Forgiveness, by Leah Cypress (Asimovs February) is a thoughtful and well-characterised YA story of relationship violence, and the impact on the mental state of the victim. It’s a smart, emotionally complicated story.
The Sound of Useless Wings by Cecil Castellucci (tor.com) is a nice SF/fantasy story about a young alien, bullied by his bigger brothers and doomed to a life of drudgery, and his dreams of better things. A sweet story with an engaging alien species, well told.
Karma Among the Cloud Kings by Brian Trent (Analog March) is an interesting story about a future society of Jainists trying to reconcile their moral code with life on an alien planet. I found the climax a touch contrived, but nonetheless, found it an enjoyable story, with an engaging central premise.
Just in case anyone is interested, a couple of stats.
During January, we recorded 213 short stories published in the venues we follow.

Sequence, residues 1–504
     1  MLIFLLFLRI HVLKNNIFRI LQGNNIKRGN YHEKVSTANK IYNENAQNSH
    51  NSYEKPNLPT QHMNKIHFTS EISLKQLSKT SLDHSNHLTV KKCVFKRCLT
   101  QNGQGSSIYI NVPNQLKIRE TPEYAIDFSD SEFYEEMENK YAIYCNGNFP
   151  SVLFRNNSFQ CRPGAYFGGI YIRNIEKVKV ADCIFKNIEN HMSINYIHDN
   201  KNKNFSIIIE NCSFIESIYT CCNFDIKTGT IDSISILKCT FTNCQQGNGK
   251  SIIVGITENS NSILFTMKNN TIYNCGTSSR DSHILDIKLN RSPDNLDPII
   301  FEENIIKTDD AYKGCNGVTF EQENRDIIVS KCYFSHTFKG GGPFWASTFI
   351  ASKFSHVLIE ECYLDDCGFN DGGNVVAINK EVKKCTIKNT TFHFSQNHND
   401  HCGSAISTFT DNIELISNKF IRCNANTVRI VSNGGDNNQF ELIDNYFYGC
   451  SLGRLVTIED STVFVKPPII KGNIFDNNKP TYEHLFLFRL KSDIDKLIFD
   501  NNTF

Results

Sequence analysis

Of those, I’ve read or partly read 73.
The distribution of my scores for the stories I’ve read looks like this:
5 – 1
4.5 – 2
4 – 4
3.5 – 5
3 – 46
2.5 – 5
2 – 10
As you can see, 3 is my default score, for a story that’s competently written but for whatever reason, doesn’t grab me. A story has to be particularly hard to read to score a 2 or a 1, and has to be above average to score a 4, and a great story to score a 5
Anyway, it’s February! Onward…
I enjoyed Headwater LLC, by Sequoia Nagamatsu (Lightspeed), a sad fantasy story about a young girl who discovers a group of mythic creatures and winds up being the cause of their enslavement. Gentle and well-characterised, with some nice fantasy touches.